Just a bit of introduction: I got this recipe from my friend and coworker Seth, who has developed this over the years by trying out different variations and component brands. Now perfected, it became her trademark dish and is always in demand among her friends. I got permission to share it on my blog so you can try it out too.
- 1 cup ground chicken (or any ground meat), or chopped hotdogs, or corned beef, or any combination thereof
- 1-1.5 cups uncooked macaroni
- 1 470-ml can (large) evaporated milk, preferrably Angel’s brand
- 1 large white onion, diced finely
- 3 cloves garlic, chopped finely
- 2 pcs bouillon cubes, preferrably pork
- 1 medium carrot, diced (optional)
- 1/2 cup shredded cabbage (optional)
- 1-2 cups chicken broth (optional)
- salt and pepper, to taste
1. Saute garlic in a little oil until golden brown. Immediately add the onions. Saute until onions are a little limp.
2. Add the meat, uncooked macaroni, and any optional vegetables. Melt one bouillon cube in the oil, and toss to coat everything with the melted cube.
3. Add the chicken broth if using, otherwise just add enough water to cover everything. Bring to boil and simmer until the macaroni and meat are cooked and the liquid is mostly evaporated.
4. Slowly pour in the evaporated milk. Add salt and pepper to taste. Mix thoroughly and turn off heat.
– The original recipe actually called for boiling chicken parts until the flesh is soft enough to pull off the bones. The chicken flesh is shredded before being added to the pot, and the water used to boil becomes the broth to be used in the sopas. I almost never did this except the first time I tried the recipe because it uses up so much time. I find that pre-ground supermarket chicken is a good substitute, and I use any broth I have on hand.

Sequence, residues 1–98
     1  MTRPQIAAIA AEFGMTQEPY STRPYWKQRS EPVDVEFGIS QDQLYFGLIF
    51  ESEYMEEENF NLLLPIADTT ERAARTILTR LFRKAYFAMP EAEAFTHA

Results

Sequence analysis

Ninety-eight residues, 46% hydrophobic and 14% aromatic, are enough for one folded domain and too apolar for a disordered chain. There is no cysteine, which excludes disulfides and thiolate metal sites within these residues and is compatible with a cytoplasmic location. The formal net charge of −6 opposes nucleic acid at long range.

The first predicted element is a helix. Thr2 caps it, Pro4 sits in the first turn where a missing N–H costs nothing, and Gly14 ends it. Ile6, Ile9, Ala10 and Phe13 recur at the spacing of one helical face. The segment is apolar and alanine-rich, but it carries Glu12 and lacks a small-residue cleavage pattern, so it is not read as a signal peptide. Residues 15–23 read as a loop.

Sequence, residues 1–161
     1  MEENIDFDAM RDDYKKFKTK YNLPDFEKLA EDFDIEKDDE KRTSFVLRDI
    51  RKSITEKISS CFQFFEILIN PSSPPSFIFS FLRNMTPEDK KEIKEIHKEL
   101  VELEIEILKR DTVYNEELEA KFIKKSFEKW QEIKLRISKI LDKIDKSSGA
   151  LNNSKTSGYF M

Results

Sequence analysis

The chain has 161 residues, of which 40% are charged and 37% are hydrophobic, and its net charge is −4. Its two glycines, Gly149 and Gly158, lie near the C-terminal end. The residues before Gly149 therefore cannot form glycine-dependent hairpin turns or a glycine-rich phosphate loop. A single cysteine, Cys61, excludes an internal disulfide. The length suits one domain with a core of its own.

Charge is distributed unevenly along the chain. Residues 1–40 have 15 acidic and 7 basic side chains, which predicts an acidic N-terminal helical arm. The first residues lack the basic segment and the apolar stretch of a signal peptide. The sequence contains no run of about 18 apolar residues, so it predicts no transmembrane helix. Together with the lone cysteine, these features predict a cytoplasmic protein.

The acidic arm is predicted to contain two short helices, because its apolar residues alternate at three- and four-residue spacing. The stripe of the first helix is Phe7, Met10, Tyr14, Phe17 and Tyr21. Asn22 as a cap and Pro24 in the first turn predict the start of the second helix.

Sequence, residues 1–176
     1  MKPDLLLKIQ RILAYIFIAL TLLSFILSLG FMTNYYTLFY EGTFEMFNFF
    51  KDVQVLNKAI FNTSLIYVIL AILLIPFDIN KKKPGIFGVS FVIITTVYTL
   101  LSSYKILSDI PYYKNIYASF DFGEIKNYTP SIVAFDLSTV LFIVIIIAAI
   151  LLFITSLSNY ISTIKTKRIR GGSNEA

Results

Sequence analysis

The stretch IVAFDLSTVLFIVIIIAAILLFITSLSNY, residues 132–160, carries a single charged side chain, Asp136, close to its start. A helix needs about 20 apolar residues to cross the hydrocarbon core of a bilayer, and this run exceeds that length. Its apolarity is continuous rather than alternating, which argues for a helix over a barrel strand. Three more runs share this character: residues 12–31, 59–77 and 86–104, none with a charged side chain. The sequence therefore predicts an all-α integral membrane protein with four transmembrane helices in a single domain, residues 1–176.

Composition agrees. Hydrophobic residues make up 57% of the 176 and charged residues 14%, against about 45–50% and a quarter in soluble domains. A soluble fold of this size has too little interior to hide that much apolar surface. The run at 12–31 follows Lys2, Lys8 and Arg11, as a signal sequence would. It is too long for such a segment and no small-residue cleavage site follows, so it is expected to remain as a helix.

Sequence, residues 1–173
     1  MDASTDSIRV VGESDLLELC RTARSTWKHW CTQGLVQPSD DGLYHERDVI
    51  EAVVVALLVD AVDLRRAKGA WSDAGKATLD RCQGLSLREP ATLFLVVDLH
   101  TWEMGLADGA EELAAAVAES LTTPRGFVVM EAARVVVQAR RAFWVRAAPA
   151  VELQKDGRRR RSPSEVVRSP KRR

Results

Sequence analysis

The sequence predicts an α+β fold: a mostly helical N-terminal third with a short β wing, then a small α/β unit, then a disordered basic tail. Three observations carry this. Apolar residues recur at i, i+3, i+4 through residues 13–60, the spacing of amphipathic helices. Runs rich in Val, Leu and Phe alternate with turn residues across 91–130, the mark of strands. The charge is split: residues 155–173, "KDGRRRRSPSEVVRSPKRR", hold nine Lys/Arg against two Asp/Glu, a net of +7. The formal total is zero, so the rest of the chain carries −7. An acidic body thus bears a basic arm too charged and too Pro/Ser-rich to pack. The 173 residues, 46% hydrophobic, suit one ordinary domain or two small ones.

– Leftover sopas keeps well in the fridge for around a week. I haven’t tried freezing this.
– I usually cook up a batch on my rest day, pack in 1 serving-sized containers, and throw them all in the fridge. I just grab a container for baon for the day (I usually have separate containers for rice or side dishes). It’s great as baon food, especially if there’s microwave at work.
– There is a lot of room for variety here. As you can see, I threw in some enoki mushrooms I had lurking in the fridge and it was a great addition! You can add almost any vegetables, a combination of diced/ground meat, fresh or reconstituted dried mushrooms, probably even tofu (I haven’t tried this). You can even go as minimal as you want! I once tried a pure-veggie sopas, and it was still as satisfying.
– Why Angel’s brand? I have been told to use that, and it does taste better than if I use other brands. Perhaps it’s sweeter? Try it and find out for yourself!
I’ve been doing a lot of baking recently, and aside from cookies I’ve also been trying out some pies. The first one I tried was Apple Mini Pies. It turned out looking rather good, although the crust was quite thick. I need to practice rolling out dough thinner.
I decided to try a full-sized pie. While doing groceries earlier I saw some cans of blueberries specifically made for pies. I got a couple of cans and thought I would try making blueberry pie. I borrowed a pie crust recipe from my sister-in-law. Once I perfect this recipe I’ll share it with you.
It turned out quite well! The crust was thin and flaky, and did not interfere with the taste of blueberry. It was plain and simple blueberry pie, and I think it can still be improved.